"Two complimentary hour-long sessions were designed to allow delegates to learn about—and discuss—all aspects of sustainable soil management. In the first session delegates listened to presentations by our four soil experts, Jennifer Dungait (soil scientist), Simon Parfey (soil testing laboratory), Felicity Crotty (soil biologist) and Neil Fuller (soil advisor). However, I watned to run the second session as an open Q&A, giving delegates the chance to pose their own questions and situations to the very same experts in a relaxed and more informal setting. This allowed us to cover a huge array of topics and issues—from compost tea, pH and options to minimise soil compaction to the importance of preventing soil erosion, the future potential for carbon credits and sources of further advice. It was a hugely enjoyable and informative workshop to chair."

Listen to a recording of the first session  

Organic growers (from left to right) Nathan Richards, Andy Dibben, Sarah Weston and Fred Bonestroo join Soil Association Head of Horticulture Ben Raskin at the Grower's Question Time in the Main Hall on Day Two at ORFC 2019. Listen to the full session here. 

Other inspiring sessions

Arguably one of the most inspiring presentations was from Barbara Hachipuka Banda, who spoke about her work in empowering women farmers in Zambia through natural agriculture—and brought several audience members to tears. Listen to the session in full here.

We also learnt about Richard Perkin’s incredible small-scale permaculture operation in Sweden, where he produces an incredible range of foods on just 10ha with only a three-month frost-free growing season. Definitely one of the most talked about sessions at this year's conference. Listen to the session in full here. 

Eliot Coleman, pioneering U.S. organic farmer and author of The New Organic Grower, regaled a packed Main Hall audience with tales of his 53 years' experience as an organic producer on his farm in Maine, and his thoughts on the future of food and farming. Listen to the session in full here.

"My biggest 'light bulb moment' at the conference came as a result of the first slide of Steve Gabriel’s presentation on silvoarable. He told us that every two minutes, the energy that reaches earth from the sun is equivalent to the annual energy use of humanity. The best solar cells that exist for converting that energy, he explained, are stomata.  

If you follow his train of thought, this makes managing trees cutting edge technology. As private and public funding pours into all sorts of agritech, we should remember that we already have amazing technology in trees as the best solar converters, carbon sequestration technology, pollution filtration systems, flood defences and so on. It is a question of learning how to harness and work with that technology."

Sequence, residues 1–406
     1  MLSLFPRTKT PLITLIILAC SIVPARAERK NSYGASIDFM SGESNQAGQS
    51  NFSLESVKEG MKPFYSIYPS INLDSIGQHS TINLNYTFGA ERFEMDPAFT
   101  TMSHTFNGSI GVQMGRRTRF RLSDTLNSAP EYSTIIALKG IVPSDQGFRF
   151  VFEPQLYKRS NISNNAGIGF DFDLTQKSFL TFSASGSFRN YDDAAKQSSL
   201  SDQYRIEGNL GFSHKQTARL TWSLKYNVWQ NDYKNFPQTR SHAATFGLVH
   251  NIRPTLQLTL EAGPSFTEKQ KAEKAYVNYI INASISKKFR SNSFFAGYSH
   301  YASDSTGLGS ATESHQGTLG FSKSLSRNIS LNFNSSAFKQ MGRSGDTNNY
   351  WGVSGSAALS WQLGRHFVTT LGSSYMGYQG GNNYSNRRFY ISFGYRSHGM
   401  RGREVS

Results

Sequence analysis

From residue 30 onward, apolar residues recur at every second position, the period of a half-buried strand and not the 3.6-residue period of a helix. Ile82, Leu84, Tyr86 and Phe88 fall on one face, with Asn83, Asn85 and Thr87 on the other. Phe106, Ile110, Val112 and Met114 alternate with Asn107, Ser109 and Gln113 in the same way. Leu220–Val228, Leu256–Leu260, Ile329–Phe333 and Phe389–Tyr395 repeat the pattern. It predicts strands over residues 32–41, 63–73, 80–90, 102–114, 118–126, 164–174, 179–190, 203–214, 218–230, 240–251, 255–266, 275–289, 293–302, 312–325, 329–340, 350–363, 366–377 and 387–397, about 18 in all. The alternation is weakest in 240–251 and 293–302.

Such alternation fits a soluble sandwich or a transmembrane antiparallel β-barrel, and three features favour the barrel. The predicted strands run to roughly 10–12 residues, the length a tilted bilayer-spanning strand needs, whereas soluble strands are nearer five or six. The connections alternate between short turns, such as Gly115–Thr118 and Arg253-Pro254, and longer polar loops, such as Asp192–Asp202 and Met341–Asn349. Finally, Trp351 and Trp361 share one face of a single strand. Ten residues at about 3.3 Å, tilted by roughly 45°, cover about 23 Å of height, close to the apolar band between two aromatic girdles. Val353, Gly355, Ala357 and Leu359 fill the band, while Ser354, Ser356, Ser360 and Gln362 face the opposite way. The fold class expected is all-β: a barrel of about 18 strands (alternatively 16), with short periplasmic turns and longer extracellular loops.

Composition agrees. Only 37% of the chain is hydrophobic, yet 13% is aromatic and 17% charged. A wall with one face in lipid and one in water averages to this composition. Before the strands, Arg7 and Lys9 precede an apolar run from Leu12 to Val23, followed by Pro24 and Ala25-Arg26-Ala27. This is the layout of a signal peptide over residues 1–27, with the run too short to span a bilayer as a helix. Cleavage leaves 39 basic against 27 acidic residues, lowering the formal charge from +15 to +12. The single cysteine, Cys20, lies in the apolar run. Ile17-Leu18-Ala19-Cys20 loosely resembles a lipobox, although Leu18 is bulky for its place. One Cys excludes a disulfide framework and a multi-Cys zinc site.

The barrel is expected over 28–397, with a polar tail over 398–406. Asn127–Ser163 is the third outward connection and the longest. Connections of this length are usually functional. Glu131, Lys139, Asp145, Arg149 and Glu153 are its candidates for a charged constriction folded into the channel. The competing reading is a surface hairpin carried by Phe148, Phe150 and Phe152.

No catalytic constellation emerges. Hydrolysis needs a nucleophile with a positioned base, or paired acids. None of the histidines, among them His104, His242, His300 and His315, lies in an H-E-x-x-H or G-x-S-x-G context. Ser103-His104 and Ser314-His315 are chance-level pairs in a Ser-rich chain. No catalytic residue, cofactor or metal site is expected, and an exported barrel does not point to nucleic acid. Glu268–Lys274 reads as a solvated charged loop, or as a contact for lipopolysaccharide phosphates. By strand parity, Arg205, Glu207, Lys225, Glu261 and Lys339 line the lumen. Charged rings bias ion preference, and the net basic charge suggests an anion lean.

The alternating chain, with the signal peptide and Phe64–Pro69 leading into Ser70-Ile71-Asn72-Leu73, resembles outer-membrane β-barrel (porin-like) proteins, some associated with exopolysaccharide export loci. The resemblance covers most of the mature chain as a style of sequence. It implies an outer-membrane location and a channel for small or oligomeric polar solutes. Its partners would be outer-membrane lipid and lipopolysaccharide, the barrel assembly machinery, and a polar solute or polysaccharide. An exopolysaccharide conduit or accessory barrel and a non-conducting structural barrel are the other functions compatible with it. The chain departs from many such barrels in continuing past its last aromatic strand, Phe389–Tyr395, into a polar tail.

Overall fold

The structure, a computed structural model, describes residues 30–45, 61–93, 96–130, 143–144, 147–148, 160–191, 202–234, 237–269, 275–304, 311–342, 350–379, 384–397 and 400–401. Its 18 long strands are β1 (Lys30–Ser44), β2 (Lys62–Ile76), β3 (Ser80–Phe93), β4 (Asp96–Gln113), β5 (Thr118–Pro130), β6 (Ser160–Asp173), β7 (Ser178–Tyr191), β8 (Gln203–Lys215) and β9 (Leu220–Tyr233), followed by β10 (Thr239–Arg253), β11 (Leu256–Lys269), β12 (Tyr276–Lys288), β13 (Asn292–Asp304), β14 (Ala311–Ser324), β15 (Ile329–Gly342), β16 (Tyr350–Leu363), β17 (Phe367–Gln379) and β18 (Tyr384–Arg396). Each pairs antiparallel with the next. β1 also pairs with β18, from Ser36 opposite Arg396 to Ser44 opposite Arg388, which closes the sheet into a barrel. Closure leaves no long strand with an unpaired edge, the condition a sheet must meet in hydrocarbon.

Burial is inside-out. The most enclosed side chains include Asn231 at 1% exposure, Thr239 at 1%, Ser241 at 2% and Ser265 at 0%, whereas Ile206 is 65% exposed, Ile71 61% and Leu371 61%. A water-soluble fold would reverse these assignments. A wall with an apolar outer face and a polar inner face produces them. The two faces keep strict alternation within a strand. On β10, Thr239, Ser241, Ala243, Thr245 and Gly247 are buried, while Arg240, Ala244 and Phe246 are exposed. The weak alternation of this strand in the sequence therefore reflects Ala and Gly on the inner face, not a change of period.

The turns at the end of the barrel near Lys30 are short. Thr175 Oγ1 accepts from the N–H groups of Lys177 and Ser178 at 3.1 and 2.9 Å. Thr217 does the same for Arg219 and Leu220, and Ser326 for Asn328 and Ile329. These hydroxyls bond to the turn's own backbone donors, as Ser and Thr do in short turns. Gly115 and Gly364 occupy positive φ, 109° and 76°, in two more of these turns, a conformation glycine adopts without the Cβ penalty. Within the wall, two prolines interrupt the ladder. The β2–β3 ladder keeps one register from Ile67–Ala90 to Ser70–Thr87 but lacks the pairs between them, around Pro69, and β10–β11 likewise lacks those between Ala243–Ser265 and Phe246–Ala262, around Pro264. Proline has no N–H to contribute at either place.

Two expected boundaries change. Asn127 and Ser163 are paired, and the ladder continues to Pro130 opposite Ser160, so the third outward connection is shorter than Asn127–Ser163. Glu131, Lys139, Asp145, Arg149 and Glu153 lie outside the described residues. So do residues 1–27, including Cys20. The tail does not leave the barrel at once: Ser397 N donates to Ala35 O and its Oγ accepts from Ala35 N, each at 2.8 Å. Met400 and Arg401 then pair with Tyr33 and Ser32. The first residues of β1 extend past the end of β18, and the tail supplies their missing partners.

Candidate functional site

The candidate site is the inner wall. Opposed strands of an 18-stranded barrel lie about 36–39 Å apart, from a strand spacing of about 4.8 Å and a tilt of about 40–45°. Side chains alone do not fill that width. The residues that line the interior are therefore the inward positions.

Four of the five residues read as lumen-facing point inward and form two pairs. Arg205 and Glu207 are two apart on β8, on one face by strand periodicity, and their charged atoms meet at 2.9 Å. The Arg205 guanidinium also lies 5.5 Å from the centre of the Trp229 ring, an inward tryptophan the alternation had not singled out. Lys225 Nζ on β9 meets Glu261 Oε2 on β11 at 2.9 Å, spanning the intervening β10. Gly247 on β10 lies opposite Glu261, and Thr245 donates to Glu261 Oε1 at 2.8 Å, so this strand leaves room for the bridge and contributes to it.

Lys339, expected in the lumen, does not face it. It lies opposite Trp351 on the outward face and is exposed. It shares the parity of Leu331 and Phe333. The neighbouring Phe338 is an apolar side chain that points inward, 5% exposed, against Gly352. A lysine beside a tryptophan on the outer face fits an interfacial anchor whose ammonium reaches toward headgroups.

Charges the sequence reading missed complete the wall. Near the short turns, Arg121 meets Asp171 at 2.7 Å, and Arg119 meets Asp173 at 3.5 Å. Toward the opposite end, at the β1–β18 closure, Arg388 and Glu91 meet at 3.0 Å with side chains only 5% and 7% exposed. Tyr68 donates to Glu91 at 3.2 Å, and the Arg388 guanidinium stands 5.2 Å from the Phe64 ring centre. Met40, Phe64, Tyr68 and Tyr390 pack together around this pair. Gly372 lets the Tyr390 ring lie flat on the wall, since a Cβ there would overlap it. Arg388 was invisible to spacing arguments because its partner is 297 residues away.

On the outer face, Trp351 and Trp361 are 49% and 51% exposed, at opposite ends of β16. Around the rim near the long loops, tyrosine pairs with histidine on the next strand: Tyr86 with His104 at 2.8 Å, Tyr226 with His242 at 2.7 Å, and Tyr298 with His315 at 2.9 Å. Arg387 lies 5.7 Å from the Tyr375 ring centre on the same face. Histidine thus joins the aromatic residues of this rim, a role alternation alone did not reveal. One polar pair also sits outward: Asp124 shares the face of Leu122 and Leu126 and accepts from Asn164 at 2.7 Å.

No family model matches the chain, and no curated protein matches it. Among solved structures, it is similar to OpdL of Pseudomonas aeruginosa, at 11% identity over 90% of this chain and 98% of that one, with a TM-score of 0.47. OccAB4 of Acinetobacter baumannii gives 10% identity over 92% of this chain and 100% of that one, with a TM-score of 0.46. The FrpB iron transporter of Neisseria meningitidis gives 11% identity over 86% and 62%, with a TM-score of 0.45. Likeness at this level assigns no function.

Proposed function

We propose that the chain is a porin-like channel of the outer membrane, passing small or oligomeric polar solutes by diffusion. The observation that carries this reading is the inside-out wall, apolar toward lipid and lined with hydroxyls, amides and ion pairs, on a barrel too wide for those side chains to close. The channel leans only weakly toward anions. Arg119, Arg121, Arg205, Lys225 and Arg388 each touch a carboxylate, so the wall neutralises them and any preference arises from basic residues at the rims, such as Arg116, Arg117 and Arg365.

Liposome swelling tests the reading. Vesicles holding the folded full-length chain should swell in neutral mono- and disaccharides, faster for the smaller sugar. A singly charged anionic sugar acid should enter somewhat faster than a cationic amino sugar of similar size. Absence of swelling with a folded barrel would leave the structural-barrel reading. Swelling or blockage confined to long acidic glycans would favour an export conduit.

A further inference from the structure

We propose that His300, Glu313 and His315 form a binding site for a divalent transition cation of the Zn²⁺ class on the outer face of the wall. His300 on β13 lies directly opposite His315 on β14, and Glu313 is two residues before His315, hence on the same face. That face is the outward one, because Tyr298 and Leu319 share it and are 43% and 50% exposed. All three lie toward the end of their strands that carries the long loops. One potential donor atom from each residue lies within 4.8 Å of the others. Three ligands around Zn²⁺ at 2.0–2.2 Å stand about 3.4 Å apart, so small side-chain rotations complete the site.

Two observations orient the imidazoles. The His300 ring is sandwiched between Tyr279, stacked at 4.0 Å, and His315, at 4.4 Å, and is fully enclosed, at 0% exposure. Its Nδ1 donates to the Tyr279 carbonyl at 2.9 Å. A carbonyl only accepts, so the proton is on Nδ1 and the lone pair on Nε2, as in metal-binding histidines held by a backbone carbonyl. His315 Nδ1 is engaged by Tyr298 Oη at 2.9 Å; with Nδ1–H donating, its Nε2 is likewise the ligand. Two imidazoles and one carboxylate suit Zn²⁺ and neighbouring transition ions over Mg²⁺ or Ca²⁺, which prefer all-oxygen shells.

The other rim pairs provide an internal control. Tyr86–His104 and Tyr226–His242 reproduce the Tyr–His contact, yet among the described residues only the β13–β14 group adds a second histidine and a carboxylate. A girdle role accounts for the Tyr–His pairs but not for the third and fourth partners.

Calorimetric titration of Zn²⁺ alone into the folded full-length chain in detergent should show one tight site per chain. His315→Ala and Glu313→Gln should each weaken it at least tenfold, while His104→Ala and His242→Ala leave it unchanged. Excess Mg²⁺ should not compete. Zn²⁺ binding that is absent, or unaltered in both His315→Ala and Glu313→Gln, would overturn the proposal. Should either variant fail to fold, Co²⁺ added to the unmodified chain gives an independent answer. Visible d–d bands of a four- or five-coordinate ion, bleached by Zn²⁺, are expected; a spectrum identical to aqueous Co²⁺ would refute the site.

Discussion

-- Simone Osborn, who attended as part of the Soil Association Innovations support team. Listen to The Promise of Silvopasture session here. 

The Agriculture Bill

For the second year running, Michael Gove, Secretary of State for Environment, Food and Rural Affairs, addressed the conference on Thursday, before taking part in a Q&A session on Brexit and the Agriculture Bill, led by Bristol East MP Kerry McCarthy. Listen to the full session here. 

As an (important) aside, while we welcomed Michael Gove’s words of support for organic farming at Oxford Farming Conference and Oxford Real Farming Conference, this now needs to be enshrined in UK law. We are calling on the government to support our proposed amendments to the Agriculture Bill. Read my full statement here.

Sowing sustainable seeds

Our CEO, Helen Browning, and Innovative Farmers Programme Manager, Kate Pressland, were also asked to attend the Oxford Farming Conference just up the road. Kate took part in a session on the world’s most spectacular innovations in food and farming, where she promoted farmer-led research and the IF network to much acclaim. We are hoping to encourage more cross-fertilisation of ideas between the two conferences next year—watch this space!

Watch and listen

The ORFC event team is in the process of publishing an audio and video archive of the sessions (where available). They hope to have everything uploaded by the end of January, but it's well worth browsing already.

That just leaves me to say well done to everyone involved on doing such a magnificent job and helping to make delegates’ experience of the conference something that will take them through the year ahead. 

I came away feeling more inspired than ever to work alongside my fellow farmers and growers towards an innovative, environmentally sustainable future. There’s no limit to what we can achieve together in 2019.